Thursday, May 22, 2003

Portents Abound in Europe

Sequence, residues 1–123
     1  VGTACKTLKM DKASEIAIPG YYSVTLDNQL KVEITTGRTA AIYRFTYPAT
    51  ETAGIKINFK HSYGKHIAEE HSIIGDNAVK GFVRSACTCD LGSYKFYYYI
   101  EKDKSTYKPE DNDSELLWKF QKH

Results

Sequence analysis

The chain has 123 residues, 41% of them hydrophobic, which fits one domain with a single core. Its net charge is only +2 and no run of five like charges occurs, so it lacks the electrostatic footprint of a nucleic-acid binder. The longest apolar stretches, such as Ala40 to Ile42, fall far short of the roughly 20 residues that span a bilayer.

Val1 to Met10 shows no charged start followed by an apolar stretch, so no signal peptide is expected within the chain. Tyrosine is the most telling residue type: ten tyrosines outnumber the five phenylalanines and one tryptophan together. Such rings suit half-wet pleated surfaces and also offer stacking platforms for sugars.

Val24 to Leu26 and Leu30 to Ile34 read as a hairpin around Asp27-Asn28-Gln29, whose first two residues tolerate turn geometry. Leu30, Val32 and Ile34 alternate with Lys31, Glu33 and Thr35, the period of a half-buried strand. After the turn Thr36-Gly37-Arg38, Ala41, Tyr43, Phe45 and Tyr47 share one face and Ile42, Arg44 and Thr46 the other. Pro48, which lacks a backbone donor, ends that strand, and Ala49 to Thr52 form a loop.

Anatole Kaletsky has a nice piece in the London Times dealing with the failure of the European Central Bank to adapt to global economic realities. He argues that, while the US and Japan are working to get their economies back on track in a "multilateral" effort, the ECB working within the stifling structure established by the EU is dooming the Eurozone to ever higher unemployment and recession. This combined with battles over pension reform and the overall declining population suggest that Europe will have a tough road ahead. Indeed, it most likely will be a dirt path as Europe becomes evermore irrelevant. But in the broader scheme of things, I can't help thinking that so much of this has to do precisely with the ideological myths that still haunt the continent, myths that should have expired long ago such as the dead ghost of central planning and anti-Americanism. Incidentally, Europe's opinion makers and politicians may wish to note that another entity once tried to make a go of it based on these same worn out clich├ęs and that old bear is now a shadow of itself, its empire largely gone, reduced to fighting a pathetic war it seems unable to win. But whatever its claims to the contrary, Europe has a very short memory.

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